What is creosote?

As chimney cleaning professionals, we’re constantly bombarding you with messages about creosote. “Have your chimney cleaned from dangerous creosote.” “Creosote can lead to a dangerous chimney fire.” “Creosote is the biggest hazard to your chimney’s safety.” Too infrequently, however, we don’t explain what creosote is or how creosote can threaten your chimney and your home’s safety. In this blog, we’re going to lay give you the inside scoop on creosote: How it forms, how it endangers your chimney and how you can keep creosote at bay.

What is Creosote - Indianapolis IN - Your Chimney Sweep

What is creosote?

Creosote is a highly flammable byproduct of the fires you burn in your fireplace. You know your fire produces smoke. As that smoke travels up your chimney it cools, and condensation forms on the walls of your chimney. When that condensation hardens, it becomes creosote. Creosote can be sticky and tarlike or smooth and shiny. It can be muddy brown or dark, dark black. In most chimneys, creosote can exist in multiple forms and usually does.

What dangers does creosote pose?

The primary danger creosote poses is the risk of a chimney fire. Creosote is highly flammable. If it reaches a high enough temperature, or if a stray ember from your fire enters the chimney and comes into contact with the creosote, it can ignite and cause a chimney fire, putting your home at risk. Creosote also can block off your chimney’s opening, preventing smoke and carbon dioxide from the fireplace. A blockage can force smoke and carbon dioxide back into your home, posing a danger to your family’s health. Creosote also poses some less sever risks. Like most fire byproducts, creosote is acidic and can cause corrosion or damage to your chimney’s flue. In the warm summer months, creosote also can cause a foul smell to fill your home.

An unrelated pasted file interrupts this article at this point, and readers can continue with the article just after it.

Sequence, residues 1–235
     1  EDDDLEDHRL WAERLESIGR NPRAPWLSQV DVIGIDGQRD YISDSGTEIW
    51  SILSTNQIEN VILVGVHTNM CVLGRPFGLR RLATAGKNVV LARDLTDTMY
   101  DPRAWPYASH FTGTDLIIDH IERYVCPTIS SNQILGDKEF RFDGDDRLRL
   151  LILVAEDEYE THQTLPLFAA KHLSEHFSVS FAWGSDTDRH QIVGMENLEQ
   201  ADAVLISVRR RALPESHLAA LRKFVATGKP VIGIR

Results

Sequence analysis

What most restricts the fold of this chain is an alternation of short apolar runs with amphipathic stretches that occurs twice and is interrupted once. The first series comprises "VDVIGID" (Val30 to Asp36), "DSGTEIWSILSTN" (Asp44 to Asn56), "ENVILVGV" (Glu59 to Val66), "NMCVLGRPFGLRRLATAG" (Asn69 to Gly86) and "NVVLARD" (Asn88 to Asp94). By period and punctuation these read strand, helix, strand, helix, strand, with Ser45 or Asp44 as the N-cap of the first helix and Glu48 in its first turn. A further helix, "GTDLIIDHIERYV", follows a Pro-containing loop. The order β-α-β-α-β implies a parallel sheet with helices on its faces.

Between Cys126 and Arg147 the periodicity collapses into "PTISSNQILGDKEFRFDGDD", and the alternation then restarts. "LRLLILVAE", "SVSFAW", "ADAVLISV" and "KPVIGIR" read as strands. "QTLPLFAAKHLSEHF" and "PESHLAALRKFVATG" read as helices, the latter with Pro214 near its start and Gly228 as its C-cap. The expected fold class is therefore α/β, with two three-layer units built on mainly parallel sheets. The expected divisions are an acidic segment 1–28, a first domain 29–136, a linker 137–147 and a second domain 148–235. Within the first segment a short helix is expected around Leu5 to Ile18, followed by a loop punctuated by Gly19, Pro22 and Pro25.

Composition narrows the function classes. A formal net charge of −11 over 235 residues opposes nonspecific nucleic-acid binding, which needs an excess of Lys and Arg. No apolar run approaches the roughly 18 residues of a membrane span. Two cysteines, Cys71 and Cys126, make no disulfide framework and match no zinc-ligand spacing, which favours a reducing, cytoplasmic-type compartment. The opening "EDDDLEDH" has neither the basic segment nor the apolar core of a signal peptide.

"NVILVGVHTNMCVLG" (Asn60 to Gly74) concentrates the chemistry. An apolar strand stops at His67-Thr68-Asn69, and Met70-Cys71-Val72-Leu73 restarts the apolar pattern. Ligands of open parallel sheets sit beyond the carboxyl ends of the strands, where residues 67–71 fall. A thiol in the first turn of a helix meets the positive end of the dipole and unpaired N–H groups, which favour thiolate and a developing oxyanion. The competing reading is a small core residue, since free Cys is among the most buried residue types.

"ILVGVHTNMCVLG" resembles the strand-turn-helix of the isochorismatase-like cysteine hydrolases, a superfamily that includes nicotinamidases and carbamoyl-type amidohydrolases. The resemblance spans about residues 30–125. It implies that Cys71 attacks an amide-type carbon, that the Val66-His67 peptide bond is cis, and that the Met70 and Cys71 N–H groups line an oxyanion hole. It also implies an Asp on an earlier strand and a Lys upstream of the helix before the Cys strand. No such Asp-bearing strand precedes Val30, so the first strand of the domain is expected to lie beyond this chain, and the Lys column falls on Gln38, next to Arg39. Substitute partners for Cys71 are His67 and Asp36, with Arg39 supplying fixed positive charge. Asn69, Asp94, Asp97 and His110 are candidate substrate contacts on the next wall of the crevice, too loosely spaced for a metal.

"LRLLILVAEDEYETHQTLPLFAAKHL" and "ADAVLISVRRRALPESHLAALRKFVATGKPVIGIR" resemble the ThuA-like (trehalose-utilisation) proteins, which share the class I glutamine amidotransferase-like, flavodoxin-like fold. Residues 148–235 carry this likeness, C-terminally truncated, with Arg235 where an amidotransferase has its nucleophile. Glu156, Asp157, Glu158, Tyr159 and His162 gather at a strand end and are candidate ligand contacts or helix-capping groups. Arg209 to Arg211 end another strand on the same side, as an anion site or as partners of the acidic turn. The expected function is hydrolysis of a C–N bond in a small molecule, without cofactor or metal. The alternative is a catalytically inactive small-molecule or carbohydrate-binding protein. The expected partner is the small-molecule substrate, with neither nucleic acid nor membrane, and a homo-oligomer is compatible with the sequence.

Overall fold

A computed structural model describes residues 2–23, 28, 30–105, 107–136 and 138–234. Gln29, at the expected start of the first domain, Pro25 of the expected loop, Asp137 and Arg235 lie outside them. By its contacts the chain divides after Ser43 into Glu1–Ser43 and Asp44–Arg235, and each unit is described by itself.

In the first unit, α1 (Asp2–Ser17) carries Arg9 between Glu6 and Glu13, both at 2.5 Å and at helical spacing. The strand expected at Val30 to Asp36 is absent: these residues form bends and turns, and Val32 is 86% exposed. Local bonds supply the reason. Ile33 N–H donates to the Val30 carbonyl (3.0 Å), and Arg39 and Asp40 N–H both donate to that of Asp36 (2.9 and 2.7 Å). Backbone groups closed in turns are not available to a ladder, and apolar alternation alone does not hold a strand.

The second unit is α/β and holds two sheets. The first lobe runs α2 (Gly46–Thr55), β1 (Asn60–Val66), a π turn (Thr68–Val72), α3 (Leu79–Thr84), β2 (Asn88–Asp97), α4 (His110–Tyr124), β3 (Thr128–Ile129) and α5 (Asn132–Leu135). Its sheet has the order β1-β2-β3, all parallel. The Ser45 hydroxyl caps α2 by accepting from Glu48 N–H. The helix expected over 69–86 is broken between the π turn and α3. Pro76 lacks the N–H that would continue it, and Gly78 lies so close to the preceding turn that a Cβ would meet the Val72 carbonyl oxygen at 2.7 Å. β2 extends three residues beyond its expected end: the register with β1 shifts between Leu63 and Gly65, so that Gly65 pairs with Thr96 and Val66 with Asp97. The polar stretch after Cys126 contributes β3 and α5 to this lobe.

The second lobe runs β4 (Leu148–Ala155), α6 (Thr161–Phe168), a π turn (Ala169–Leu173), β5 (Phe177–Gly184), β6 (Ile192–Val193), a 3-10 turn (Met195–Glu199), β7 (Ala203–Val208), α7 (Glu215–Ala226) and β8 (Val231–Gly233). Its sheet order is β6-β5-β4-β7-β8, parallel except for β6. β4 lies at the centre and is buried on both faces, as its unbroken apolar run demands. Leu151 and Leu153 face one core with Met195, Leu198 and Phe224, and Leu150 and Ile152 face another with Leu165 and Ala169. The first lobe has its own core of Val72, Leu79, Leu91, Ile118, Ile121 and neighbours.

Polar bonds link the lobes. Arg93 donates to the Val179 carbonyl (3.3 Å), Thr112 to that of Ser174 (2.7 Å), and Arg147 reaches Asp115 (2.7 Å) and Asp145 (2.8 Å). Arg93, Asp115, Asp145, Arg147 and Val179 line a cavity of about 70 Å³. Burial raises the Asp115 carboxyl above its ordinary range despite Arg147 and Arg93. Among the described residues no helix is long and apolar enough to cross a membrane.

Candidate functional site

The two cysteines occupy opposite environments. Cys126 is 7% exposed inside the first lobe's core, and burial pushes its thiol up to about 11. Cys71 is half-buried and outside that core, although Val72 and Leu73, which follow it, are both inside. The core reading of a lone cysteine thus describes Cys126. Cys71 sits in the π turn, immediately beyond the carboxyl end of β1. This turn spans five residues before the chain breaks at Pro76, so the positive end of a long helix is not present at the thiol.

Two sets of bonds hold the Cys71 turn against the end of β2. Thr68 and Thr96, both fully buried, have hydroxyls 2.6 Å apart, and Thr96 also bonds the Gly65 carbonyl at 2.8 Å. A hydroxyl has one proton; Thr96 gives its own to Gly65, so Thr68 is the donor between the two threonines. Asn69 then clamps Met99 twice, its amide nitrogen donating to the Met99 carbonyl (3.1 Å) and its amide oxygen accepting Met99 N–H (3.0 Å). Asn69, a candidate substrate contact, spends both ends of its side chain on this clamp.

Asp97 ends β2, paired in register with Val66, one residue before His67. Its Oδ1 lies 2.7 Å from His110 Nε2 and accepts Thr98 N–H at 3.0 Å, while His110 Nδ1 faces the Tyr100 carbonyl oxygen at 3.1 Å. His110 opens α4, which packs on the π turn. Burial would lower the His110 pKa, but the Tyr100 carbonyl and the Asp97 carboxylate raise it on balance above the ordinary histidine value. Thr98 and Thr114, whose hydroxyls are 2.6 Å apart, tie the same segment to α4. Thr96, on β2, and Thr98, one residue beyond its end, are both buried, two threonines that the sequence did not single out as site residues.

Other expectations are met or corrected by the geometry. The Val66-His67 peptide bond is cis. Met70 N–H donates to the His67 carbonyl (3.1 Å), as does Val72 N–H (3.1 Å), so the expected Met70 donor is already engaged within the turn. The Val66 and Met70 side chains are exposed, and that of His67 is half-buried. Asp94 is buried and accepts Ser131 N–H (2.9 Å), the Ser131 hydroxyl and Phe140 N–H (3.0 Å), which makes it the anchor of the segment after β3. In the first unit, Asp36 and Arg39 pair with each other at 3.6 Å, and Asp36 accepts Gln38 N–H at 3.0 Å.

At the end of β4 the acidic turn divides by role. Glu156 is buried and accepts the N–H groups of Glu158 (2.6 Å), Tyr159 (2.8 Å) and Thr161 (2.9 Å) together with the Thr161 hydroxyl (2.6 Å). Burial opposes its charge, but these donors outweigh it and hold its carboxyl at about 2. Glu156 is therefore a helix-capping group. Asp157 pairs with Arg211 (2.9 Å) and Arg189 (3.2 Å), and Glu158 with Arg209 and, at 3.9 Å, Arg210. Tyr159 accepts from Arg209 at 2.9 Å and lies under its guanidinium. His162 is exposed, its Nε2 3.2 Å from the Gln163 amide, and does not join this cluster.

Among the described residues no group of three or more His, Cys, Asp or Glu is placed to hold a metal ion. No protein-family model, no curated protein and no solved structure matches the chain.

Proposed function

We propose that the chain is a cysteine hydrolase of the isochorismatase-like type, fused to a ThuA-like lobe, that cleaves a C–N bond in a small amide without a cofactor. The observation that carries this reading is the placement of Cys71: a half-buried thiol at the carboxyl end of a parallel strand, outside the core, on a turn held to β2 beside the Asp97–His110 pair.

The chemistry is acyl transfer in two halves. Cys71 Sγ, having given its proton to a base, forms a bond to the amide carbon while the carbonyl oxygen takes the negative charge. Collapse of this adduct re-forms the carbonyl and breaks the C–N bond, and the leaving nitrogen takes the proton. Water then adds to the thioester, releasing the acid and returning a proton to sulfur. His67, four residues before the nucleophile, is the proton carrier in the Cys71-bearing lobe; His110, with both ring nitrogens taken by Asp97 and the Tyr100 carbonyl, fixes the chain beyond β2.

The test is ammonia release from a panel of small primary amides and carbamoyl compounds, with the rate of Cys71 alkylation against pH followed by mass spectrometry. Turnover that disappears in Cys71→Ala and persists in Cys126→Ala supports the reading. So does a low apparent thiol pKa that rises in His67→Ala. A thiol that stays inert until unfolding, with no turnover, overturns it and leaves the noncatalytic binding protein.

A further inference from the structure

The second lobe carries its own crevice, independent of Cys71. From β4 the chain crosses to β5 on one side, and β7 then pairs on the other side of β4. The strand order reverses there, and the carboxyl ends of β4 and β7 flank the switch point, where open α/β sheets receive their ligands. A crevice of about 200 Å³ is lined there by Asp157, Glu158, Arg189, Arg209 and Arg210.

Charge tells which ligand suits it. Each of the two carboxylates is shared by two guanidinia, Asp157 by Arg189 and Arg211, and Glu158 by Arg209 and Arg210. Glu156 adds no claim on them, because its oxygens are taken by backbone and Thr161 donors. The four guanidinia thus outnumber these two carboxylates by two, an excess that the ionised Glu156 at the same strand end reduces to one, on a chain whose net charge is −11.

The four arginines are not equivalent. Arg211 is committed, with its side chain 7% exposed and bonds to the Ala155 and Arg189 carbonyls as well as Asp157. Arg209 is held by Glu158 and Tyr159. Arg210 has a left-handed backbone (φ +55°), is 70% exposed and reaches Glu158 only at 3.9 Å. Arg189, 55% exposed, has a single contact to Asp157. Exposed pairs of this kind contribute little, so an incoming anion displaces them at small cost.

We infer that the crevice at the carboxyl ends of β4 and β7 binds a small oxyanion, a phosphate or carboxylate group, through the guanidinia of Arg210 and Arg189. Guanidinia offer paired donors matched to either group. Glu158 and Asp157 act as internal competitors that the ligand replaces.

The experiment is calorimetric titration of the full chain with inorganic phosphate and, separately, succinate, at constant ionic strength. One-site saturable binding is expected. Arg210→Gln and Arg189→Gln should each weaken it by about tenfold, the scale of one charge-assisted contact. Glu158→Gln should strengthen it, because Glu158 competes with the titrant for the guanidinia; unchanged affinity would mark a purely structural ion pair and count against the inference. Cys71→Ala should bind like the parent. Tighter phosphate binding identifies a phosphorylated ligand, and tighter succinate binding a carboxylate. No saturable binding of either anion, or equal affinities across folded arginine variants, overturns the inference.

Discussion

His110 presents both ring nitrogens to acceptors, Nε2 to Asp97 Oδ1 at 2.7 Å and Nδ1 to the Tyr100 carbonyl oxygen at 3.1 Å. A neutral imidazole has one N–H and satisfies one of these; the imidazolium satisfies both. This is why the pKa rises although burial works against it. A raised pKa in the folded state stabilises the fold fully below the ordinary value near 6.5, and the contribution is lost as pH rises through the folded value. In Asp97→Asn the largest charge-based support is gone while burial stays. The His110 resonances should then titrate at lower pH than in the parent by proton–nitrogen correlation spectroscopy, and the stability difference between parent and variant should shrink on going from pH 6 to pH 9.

How can you keep the dangers of creosote at bay?

The best way to protect your chimney and your home from the dangers of creosote is with regular chimney sweepings. Your annual chimney sweeping will clear any creosote away from your chimney, dramatically lowering your risk of a chimney fire. Your annual inspection also will screen your chimney for signs of a previous creosote-induced chimney fire. You also can reduce creosote buildup in your chimney by burning a hot, efficient fire. Burn only dried, seasoned firewood that is properly sized for your fireplace. Always fully open fireplace doors so your fire can draw in enough oxygen to keep it burning at its hottest. Make sure your damper is opening fully, as a partially closed damper can cause smoke to linger in your flue, causing creosote to form more rapidly in your chimney.

Call Your Chimney Sweep today to protect your chimney from the dangers of creosote. Our certified chimney sweeps will remove dangerous creosote from your chimney and look for any signs of fire damage in your chimney’s flue. We also can advise you on keeping your chimney creosote free and keeping your family safe from the dangers of a creosote-sparked chimney fire.

By Joe Sauter on March 13th, 2016 | Tagged with: Tags: , , | Leave a Comment